The first thing you need to do to install a new mechanical oil pressure gauge is to look for the oil pressure-sending unit on your engine. This will vary depending on your car.
So, from there, look for a round or copper-like object that should be about a couple of inches long and has a wire that’s connected to the end of it.
From there, disconnect the wire from the sender and then start your engine. If the oil pressure light comes on or if the oil pressure gauge isn’t moving, that means that you have done a good job. You should now remove the sending unit using a wrench.
Look for the double male-end compression fitting in the new mechanical oil pressure gauge kit.
When you’ve already found the compression fitting, slide a compression nut on the tube that should have a hole at the center.
Place this tube against the male end of the compression fitting of your new mechanical oil pressure gauge.
Push the nut into the fitting while you are maintaining pressure on the tube and then tighten the nut with a wrench.
Route the tube carefully into the passenger compartment. You should be able to find a firewall where wires run through as this firewall is supposed to be the rear end of your engine compartment.
Slide the tubing through that hole and then choose a spot on the firewall wherein you can drill a hole. Use a grommet around the protect the tube.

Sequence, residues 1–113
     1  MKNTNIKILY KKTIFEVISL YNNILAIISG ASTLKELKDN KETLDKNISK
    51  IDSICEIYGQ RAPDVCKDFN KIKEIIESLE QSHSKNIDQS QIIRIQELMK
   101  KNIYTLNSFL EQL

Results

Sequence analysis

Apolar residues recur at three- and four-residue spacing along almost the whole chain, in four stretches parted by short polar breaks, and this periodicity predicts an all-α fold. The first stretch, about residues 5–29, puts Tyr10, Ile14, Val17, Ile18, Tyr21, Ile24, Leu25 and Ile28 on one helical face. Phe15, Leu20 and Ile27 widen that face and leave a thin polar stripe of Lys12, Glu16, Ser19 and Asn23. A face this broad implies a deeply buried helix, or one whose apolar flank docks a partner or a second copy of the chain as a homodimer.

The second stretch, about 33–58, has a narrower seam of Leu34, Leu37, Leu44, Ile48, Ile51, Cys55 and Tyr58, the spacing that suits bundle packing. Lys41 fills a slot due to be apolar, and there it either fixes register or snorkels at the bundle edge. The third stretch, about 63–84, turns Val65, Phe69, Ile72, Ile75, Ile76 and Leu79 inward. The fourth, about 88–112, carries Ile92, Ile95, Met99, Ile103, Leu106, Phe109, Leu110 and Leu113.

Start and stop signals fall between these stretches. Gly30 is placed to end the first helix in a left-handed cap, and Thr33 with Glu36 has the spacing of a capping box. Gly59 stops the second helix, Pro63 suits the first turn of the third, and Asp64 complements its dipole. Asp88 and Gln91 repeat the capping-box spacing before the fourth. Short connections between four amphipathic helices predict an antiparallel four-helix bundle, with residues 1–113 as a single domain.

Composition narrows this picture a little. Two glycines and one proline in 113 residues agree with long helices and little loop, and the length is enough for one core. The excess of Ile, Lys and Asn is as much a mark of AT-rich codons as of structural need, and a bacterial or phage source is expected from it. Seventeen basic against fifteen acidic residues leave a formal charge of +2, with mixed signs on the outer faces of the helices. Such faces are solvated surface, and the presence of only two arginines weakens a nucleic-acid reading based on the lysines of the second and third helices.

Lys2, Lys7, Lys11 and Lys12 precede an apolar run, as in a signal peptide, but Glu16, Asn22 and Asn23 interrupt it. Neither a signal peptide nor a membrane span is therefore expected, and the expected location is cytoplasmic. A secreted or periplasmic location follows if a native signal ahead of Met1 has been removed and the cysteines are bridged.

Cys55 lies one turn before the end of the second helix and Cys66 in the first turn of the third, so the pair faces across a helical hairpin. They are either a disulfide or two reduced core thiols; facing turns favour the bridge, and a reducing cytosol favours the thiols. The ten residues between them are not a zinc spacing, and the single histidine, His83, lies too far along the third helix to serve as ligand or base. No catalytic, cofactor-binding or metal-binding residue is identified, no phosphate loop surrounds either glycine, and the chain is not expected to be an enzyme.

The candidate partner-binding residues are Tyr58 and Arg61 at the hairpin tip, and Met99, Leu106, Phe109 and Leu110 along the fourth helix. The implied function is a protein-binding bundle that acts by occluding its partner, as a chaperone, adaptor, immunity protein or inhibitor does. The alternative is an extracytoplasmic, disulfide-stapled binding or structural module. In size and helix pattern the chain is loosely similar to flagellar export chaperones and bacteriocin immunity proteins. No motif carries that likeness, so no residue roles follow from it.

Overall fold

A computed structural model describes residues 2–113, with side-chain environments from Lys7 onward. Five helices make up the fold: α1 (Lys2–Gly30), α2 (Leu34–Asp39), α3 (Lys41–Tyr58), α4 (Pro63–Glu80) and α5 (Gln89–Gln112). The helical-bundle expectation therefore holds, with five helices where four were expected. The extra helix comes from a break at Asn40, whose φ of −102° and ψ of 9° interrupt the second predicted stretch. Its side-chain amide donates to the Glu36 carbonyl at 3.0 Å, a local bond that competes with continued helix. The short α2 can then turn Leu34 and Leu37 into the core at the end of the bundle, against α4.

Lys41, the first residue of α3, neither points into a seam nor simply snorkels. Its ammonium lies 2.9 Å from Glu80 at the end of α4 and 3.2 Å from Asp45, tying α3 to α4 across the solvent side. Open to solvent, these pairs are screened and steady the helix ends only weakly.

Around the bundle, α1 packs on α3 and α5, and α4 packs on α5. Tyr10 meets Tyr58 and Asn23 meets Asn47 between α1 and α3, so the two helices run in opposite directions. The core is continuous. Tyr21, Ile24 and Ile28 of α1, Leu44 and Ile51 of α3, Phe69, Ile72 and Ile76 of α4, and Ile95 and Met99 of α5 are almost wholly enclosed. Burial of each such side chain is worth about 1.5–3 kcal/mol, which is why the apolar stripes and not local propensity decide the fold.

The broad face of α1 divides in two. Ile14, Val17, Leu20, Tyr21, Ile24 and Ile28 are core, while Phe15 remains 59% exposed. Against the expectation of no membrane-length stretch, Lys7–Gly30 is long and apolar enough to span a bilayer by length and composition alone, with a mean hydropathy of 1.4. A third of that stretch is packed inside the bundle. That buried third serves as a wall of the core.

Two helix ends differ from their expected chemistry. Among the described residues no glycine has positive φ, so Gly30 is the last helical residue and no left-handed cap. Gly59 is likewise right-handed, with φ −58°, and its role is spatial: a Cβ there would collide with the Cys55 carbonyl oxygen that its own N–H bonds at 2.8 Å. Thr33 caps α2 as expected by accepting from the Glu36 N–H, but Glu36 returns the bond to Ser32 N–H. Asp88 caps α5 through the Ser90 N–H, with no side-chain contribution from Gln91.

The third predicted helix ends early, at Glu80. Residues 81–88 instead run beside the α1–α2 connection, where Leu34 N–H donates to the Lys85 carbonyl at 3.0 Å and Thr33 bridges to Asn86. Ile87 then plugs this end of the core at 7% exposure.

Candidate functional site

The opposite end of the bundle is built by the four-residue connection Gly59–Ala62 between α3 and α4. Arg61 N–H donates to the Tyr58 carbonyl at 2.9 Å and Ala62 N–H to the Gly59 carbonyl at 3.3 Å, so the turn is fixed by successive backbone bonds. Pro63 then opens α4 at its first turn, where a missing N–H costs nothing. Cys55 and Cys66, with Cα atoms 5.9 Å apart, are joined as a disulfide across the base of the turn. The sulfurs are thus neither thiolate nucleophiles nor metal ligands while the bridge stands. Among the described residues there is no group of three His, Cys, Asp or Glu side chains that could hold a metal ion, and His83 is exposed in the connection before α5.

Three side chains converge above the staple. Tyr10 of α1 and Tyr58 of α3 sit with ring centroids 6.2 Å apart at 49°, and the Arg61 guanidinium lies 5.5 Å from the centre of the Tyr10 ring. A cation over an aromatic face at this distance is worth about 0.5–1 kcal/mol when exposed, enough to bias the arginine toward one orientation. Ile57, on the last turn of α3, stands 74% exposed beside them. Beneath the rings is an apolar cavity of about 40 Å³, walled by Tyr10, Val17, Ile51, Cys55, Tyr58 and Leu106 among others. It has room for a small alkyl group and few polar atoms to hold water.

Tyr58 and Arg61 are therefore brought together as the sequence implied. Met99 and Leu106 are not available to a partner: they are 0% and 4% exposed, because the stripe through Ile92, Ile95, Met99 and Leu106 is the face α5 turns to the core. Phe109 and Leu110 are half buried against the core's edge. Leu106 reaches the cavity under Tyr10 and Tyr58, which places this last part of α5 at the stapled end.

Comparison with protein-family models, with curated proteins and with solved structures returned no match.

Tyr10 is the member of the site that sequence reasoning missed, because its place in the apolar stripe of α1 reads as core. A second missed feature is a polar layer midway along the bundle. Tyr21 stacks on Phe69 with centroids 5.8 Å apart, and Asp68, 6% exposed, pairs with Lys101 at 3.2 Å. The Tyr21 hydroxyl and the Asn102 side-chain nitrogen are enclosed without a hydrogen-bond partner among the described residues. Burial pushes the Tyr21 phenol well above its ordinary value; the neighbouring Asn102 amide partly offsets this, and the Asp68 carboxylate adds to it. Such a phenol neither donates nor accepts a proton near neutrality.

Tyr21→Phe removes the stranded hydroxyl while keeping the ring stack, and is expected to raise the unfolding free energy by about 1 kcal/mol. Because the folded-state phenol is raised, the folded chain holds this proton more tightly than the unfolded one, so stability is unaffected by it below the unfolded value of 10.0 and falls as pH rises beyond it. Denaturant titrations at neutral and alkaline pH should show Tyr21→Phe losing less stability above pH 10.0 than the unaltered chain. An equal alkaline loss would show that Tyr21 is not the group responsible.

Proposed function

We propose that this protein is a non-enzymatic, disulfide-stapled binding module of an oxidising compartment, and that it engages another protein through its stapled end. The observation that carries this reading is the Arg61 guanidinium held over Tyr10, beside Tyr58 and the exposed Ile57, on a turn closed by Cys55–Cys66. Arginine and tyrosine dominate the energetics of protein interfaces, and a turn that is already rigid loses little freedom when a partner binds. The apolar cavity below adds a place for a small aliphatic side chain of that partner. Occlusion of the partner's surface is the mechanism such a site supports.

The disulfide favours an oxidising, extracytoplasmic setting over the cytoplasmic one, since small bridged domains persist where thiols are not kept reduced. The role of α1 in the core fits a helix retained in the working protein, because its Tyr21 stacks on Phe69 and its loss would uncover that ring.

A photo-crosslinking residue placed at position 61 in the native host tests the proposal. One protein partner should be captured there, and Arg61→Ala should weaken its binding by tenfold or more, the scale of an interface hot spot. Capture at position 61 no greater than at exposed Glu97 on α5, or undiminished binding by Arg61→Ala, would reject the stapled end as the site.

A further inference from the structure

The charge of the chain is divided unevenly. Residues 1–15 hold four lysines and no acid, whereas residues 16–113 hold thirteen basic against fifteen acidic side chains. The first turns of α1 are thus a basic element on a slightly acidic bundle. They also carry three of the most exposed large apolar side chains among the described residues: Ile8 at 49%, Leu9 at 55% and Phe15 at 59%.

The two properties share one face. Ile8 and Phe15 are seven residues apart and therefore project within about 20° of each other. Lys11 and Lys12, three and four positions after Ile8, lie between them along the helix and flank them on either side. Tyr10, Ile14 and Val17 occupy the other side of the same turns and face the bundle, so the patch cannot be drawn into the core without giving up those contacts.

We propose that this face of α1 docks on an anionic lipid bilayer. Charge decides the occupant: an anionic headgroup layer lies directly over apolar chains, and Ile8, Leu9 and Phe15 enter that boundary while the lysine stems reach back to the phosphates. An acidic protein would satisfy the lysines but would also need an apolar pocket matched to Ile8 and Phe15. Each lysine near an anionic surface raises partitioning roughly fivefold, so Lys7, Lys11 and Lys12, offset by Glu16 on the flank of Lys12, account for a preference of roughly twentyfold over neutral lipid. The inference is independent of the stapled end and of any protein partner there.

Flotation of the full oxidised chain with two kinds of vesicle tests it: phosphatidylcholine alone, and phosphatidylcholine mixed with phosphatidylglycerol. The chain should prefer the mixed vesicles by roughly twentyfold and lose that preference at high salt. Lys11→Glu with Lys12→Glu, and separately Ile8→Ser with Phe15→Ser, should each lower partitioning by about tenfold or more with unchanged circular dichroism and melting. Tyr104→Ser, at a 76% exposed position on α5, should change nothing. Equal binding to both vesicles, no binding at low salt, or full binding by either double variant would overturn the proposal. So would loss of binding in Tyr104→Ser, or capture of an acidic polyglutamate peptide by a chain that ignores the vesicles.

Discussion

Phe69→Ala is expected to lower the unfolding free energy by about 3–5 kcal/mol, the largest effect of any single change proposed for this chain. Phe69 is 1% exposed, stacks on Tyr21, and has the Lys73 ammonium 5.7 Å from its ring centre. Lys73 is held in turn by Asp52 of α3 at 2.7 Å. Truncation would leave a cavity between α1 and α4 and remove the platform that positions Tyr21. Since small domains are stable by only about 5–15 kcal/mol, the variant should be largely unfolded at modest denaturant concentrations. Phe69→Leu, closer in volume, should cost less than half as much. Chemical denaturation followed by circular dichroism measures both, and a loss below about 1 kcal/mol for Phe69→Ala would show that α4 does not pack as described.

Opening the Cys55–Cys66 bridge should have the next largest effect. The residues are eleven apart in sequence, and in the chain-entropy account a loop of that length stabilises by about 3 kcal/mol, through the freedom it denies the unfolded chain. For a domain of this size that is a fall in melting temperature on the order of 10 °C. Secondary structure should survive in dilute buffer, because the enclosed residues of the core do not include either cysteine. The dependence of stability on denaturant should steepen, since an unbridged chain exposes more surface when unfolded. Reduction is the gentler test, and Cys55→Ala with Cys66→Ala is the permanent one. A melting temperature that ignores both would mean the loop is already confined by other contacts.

Find a place where you can mount your oil pressure gauge or just simply use the place of your old gauge.
It should be able to attach or mount onto your dashboard using two screws. Y
ou can use a spot along the bottom end of the dashboard.
After that, you can now route the oil tube to the gauge. Cut off any excess tube so that the tube will just be the right length.
From there, slide a compression nut over to the end of the tube and then follow it up with a ferrule.
Now, push the tube against the compression fitting behind the gauge and then allow the nut and ferrule to thread through.
Tighten them with a wrench.
Make sure that you are holding the compression fitting on the gauge with a wrench so that the gauge will not spin.
Finally, remove the nuts and washers found on the bracket attached to the rear part of your new gauge.
Mount the gauge in the desired spot and then use the washers and nuts to hold it in place.
Try starting your engine to see if the mechanical oil pressure is now working.
Here is an excellent video on how to install a mechanical oil pressure gauge.
Do you have to bleed a mechanical oil pressure gauge?
While the air may slightly affect your mechanical oil pressure gauge, you don’t need to bleed the mechanical oil pressure gauge.
That’s because, as far as the gauge is concerned, air and oil pressure are just similar.
But, to be on the safe side, you may want to bleed your mechanical oil pressure gauge so that you can have a more accurate reading that won’t be affected by whatever air is left in the tube that you just installed.
How a car works: Oil pressure gauge
Autoblog: How do I know if the oil pressure gauge is bad?